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BEARDCLEY RUML
151 West 34th Street
PAY-AS-YOU-GO INCOME TAX PLAN

Kew York, 2 . Y.
f

PEILADBLBHtA, PENNSYLVANIA
NOVKMBFR 50, 1942
In our national effort in this totcl war, the finsncial and economic program,
though less ppectscxilar and less decisive thanw the military end the diplomatic,
9ust nevertheless moke its appropriate contribution in the winning of victory.
The policies guiding our financial and economic program have no*: been placed
under the unified command of Justice Byrnon. The ceveral operating departments and
•'gencioB which have the administrative responsibility of making this program
offoctive are now able to move vigorously ahead. They now know that individually
their policies are complementary end not contradictory, end that collectively they
vo an integrated whole.
The establishment of a unified command over our national financial and economic
r\ir program makes it increasingly worthwhile to correct important and long-standing
defects in our customary, ways of doing things. These defects, if permitted to
continue, will obstruct ond weaken actions the.t need to be taken. They will cause
avoidable hardship at s time when necessary v.^r-time measures rill inevitably bring
-J-eir 07Xi burden of hardship and distress.
The Pay-as-You-Go income t&x pirn tv 115 into the clars of corrective measures
which, if adopted, nill mnke it possible to do other things th*.t need to be done.
At the same time, it brings a just relief to millions who will one day be injured
because of our present income-tax procedure.
It is from this point of view that I wish to discuss the Pay-As-You-Go plan.
When the federal income tax bill was passed in this country in 1915, it had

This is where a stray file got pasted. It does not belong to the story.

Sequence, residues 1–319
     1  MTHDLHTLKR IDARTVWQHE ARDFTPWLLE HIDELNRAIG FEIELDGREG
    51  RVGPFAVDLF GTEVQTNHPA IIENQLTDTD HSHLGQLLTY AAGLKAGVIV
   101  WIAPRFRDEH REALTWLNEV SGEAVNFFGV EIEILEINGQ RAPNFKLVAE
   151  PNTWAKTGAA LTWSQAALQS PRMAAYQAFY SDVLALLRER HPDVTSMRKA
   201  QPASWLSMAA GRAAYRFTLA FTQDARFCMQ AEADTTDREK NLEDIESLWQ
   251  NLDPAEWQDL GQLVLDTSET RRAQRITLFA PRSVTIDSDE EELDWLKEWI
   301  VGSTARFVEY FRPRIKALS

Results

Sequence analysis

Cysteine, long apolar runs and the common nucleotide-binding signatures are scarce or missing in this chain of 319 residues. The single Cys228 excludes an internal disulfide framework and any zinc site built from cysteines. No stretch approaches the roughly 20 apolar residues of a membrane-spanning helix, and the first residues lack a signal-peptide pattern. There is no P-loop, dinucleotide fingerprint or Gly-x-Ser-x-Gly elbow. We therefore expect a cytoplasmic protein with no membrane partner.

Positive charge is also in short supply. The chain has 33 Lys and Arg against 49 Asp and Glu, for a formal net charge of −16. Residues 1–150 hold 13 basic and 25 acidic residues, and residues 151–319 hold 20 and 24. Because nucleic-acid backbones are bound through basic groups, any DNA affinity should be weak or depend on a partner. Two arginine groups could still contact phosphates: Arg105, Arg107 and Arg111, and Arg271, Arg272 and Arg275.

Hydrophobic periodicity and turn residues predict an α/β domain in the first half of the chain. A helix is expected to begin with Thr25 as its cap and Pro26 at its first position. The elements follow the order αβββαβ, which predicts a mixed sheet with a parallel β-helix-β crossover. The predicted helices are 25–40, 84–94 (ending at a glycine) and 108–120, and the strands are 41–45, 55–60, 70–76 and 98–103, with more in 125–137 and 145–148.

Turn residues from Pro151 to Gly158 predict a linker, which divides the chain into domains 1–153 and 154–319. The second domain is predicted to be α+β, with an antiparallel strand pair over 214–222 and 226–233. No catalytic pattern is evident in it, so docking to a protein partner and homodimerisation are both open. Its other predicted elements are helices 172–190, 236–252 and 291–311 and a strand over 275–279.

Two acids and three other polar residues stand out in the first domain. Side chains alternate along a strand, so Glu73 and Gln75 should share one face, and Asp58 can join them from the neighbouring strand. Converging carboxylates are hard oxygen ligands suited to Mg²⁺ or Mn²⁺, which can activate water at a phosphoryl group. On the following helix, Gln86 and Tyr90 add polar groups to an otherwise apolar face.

one defect which at the timetfeemedof no practical consequence but which te* sine©
come to have the grcatost importance. This defect was th*t a citizen was required
to pay in the year 1914 a tax on his 1913 incomo. In this way, v e got started on
?
* vicious practice of ptyiag out of one year's income n tax on the year that had
Iready gone.



-2-

I have said that at the time the defcct W8 3 of no practical consequence • The
reason is that income tax rates were IOY: and affected comparatively few people®

In

1915 the rates began at 1% and the top, (normal * surtax) v/as 756. Exemption for
a single person woe $3,000. Contract this situation with that which confronts us
in the Revenue Act of 1942. Excluding the Victory Tax, after exemptions for a
single person of $500, rates begin at 19$ r i from that point move sharply up to
ad

88*.
The consequence of these increasing rates is that the debt v;hich people owe to
the federal government for tax on their last ye:\rf s income hss become a national
danger. Nothing is to be gained by arguing tlwt people ought to have saved the tax
on last year's income out of Inst year's income. Thr: fact is that tkey did not.do
it and now they cannot do it.
Few people seem to realize how much money they owe the government for income
tax. They seem to feel that since the&r have paid an installment on September 15,
and since the next payment isnft due until December 15, for the time being vt
least, they are not in debt for income tax. They are wrong. They are in debt no?/
for the installment still due this year, and worse, they are in addition in debt
for income tax on what they have already earned s> for this year. Under our present
system this debt will have to be paid whether next year they then hove any income
or not.
If they die, this amount vlli be taken fr-m v/hatever estate they leave. If
they lose their j :>bs, there v/ill bo a charge against what they have saved. If
their earnings are less, thr full tax has to be met out of the lover earnings.
Nothing can stop the march of the days, and when the due date comes they must pay